Chinese authorities believe that three decades of patriotic education have been remarkably successful in molding a generation of loyal citizens, analysts say.
An influential cohort of Chinese Internet users are so nationalistic they will castigate an NBA manager or fashion labels into apologizing for any perceived insult to China. They have also shown disdain for their pro-
democracy peers in Hong Kong.
“I think the Chinese propaganda machine is doing quite well with what we call the ‘rioters’ in Hong Kong,” said a Chinese academic who spoke on the condition of anonymity to discuss the sensitive situation. “People in Guangzhou, Beijing, Shanghai, people are not sympathetic to Hong Kong.”
Encouraged by this success on the tightly controlled mainland, the party is planning another attempt to export a version of this curriculum to Hong Kong — where concerns over the erosion of free speech and relative political freedoms underpin a widening backlash against Beijing.
It is focusing more on “one country” than on “two systems.”
“What’s happened in Hong Kong in recent months has been a big surprise to leaders in China, so they’re trying to find out the reason why Hong Kong became so anti-China or so anti-Chinese government,” said Zheng Wang, a Seton Hall University professor who specializes in identity and nationalism.
“They believe that because the people, especially the young people, in Hong Kong never received patriotic education, they lack this kind of national identity,” Wang said. “But Hong Kong is totally different to China, so I believe they will encounter very strong resistance, just like in 2012.”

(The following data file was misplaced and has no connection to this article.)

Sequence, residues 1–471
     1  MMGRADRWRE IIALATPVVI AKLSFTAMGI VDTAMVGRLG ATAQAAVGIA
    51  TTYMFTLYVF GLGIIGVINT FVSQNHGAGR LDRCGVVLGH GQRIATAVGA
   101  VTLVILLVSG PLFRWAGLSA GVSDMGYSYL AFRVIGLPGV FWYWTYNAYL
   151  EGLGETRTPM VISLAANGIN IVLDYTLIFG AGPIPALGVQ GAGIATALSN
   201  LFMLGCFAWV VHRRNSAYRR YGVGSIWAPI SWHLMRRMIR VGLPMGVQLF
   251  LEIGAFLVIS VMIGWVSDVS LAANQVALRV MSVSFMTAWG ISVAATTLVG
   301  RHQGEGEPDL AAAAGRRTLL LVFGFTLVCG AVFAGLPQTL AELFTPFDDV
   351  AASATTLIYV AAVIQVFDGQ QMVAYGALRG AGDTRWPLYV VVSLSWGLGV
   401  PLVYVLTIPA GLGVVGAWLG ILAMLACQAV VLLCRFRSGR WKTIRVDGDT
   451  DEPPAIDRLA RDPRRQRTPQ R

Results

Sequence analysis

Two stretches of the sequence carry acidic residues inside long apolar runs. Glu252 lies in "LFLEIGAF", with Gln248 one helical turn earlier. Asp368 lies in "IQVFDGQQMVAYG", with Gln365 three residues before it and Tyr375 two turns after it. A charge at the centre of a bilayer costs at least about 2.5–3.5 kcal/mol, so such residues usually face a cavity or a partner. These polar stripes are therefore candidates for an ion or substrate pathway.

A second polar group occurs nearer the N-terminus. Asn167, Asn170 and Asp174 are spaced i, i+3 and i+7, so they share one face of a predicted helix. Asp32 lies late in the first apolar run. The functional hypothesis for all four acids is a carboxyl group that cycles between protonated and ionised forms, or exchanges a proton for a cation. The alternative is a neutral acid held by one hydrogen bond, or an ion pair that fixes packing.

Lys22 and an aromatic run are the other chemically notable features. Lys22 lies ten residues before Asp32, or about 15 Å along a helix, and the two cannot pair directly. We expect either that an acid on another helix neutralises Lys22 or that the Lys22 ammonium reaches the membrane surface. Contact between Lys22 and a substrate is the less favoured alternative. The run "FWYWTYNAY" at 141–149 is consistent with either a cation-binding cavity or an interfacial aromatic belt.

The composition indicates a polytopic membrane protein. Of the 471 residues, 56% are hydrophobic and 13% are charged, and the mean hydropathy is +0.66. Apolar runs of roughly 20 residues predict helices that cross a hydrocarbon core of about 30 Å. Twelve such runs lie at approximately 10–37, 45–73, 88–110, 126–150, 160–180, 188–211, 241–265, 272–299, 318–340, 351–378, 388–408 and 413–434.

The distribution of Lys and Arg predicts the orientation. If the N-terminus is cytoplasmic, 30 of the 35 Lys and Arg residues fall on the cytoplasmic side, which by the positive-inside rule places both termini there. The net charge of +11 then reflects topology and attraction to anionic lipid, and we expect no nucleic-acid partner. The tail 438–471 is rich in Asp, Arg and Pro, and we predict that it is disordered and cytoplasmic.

Beijing’s last attempt, seven years ago, backfired spectacularly. A quarter-century after Britain returned Hong Kong to China, Beijing tried to introduce lessons to foster greater appreciation of mainland China and promote the Communist Party as a “progressive, selfless and united ruling group.”
The plan sparked vociferous protests, and Beijing was forced to back down.
Since then, Beijing has proceeded almost by stealth, encouraging study trips to the mainland and promoting Mandarin language learning in the Cantonese-speaking territory. But most analysts do not expect any new effort to be any more successful this time.
“I think any kind of mainland-style patriotic education is unlikely to succeed at winning hearts and minds in Hong Kong,” said Jessica Chen Weiss, an expert on Chinese nationalism who teaches at Cornell University.
If anything, the combination of a new effort at patriotic education and continued demonstrations against China’s encroachment is likely to provoke more resistance, she said.
“This would seem to be fueling that sense that Hong Kongers’ identity is under threat,” Weiss said.
The Chinese government has two options for making the people of Hong Kong view the mainland more favorably, said Brian Fong, a social scientist at the Education University of Hong Kong.
“One is to make Chinese identity more attractive,” he said. “To do so, China should be more open, more liberal so as to make the Hong Kong young people think the Chinese system isn’t that bad.”
The second option is to step up control over schools and the media, to manage messaging in Hong Kong as the party does in the mainland.
“But that’s also very difficult, because Hong Kong must maintain a sufficient degree of freedom in order to maintain its position as an international financial center,” Fong said.
Even some in the Chinese establishment see difficulty ahead.
“We have almost eliminated dialects in China, but Hong Kong is different,” the mainland academic said. “They still speak and use Cantonese. If we can’t even change their language, how will we change their mind-set?”
Liu Yang contributed to this report.